Long-term pathways to deep decarbonization of the transport sector in the post-COVID world

Document Type

Journal Article

Publication Date


Subject Area

place - urban, mode - bus, mode - bike, mode - car, policy - sustainable, policy - environment, technology - emissions, planning - travel demand management, planning - personal safety/crime, planning - methods, land use - planning


Post-COVID, New normal, Transport sector, Decarbonization, Pathway, Urban economic model


The novel coronavirus disease 2019 (COVID-19) crisis has influenced economies and societies across the globe and will thoroughly reshape our world as it continues to unfold. The pandemic is likely to trigger permanent long-term impacts on the transport sector in the post-COVID world. While a post-COVID “new normal” will be likely to incur negative consequences, it may provide an opportunity to move toward a more sustainable transport sector. This paper is aimed at developing an urban economic model with an energy focus to depict the dynamics of travel demand, energy consumption, and emissions in the post-COVID world. A set of scenarios was created according to model assumptions regarding lifestyle changes and policy interventions accompanied by the expected post-COVID new normal, to explore long-term pathways toward a deep decarbonization of the transport sector. Scenario simulations demonstrated that working from home, online shopping, and a bike-friendly infrastructure will contribute to a reduction in energy consumption and CO2 emissions, whereas a significant shift from bus to car transport and the decreasing use of car-sharing services will adversely affect CO2 emission reductions. The arrival of the post-COVID world may contribute to an 11% reduction in CO2 emissions by 2060, while the maximum reduction potential could be as high as 44%. Supporting policies and strategies for encouraging remote work and online shopping as well as for promoting safe public transport, active transport, and carpooling services are needed to strongly decarbonize the transport sector in the post-COVID world. Moreover, population distribution and urban structure may also be influenced by the arrival of the post-COVID new normal, which warrant further attention for urban planning.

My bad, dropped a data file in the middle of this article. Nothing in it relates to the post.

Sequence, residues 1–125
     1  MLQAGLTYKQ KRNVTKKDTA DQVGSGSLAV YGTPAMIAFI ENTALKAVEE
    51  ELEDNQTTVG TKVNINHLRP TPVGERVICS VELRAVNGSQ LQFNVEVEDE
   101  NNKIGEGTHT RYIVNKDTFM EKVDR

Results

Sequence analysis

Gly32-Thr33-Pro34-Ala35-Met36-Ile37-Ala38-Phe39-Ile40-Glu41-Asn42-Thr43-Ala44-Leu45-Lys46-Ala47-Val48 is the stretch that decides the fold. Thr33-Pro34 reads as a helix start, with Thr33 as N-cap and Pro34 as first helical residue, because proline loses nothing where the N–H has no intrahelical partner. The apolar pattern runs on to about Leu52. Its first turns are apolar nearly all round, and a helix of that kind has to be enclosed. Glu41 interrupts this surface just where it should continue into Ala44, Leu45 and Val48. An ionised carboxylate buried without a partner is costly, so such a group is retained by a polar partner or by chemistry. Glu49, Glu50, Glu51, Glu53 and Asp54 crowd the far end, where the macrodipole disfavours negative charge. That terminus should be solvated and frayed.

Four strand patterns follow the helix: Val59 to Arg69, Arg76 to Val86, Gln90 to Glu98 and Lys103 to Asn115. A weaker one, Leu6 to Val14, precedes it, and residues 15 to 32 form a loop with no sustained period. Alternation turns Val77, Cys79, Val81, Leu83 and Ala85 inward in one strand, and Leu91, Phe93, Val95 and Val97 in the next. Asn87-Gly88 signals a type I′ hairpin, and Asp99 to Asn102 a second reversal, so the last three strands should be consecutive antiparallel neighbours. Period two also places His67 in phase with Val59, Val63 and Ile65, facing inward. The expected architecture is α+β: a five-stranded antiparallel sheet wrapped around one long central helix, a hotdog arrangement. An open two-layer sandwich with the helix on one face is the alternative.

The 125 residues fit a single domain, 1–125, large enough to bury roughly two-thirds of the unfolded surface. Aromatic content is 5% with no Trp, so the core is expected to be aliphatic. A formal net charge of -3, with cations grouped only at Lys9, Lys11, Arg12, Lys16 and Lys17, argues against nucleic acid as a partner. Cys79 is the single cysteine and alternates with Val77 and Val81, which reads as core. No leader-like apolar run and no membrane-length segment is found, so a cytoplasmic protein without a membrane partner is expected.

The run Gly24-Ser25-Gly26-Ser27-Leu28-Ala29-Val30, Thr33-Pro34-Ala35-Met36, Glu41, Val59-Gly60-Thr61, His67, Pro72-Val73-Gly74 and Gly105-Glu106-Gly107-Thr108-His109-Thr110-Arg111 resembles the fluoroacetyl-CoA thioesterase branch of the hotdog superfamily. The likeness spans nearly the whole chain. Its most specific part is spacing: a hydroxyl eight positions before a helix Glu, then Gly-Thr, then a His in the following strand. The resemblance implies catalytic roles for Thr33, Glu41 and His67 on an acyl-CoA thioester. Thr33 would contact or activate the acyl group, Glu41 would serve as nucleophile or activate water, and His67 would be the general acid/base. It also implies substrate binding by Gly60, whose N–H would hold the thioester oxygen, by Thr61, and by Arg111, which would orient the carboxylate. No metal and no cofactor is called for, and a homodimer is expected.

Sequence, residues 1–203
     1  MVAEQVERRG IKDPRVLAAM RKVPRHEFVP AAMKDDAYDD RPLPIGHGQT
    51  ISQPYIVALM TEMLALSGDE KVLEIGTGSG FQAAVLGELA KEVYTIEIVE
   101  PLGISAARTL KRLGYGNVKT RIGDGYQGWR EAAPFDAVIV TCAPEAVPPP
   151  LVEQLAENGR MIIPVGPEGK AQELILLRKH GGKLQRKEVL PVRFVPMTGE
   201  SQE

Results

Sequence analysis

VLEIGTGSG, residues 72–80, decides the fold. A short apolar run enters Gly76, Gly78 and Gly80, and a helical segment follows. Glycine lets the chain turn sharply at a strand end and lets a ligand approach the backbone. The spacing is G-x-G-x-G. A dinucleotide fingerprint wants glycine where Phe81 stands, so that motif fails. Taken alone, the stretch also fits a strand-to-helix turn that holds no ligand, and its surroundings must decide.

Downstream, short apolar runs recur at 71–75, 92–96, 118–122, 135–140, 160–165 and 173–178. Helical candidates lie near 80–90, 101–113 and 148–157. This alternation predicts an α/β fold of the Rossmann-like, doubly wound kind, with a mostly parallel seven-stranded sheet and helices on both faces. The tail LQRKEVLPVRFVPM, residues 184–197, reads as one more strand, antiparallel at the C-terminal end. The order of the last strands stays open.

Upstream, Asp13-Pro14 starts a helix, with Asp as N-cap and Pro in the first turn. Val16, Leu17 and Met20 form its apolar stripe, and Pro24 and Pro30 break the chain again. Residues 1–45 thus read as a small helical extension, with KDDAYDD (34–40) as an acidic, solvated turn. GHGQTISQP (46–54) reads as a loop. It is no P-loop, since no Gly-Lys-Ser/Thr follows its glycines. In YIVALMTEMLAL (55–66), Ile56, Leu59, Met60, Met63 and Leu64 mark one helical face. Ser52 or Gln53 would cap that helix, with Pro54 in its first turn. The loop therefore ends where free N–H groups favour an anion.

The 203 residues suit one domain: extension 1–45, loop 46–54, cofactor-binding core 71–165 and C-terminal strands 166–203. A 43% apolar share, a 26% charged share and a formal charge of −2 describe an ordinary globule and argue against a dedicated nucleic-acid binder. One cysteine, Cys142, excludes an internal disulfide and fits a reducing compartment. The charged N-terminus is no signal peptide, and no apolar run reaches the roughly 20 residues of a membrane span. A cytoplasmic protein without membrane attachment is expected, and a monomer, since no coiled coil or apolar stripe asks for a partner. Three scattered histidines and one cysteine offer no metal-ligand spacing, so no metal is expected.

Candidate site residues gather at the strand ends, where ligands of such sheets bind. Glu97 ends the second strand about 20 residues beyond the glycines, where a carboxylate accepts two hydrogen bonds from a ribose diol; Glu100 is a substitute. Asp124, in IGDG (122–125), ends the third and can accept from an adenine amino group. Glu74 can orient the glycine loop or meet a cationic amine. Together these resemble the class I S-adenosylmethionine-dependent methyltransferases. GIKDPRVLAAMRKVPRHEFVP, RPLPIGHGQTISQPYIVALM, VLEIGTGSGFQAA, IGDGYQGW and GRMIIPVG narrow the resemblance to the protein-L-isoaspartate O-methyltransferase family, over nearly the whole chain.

Permission to publish the abstract has been given by Elsevier, copyright remains with them.


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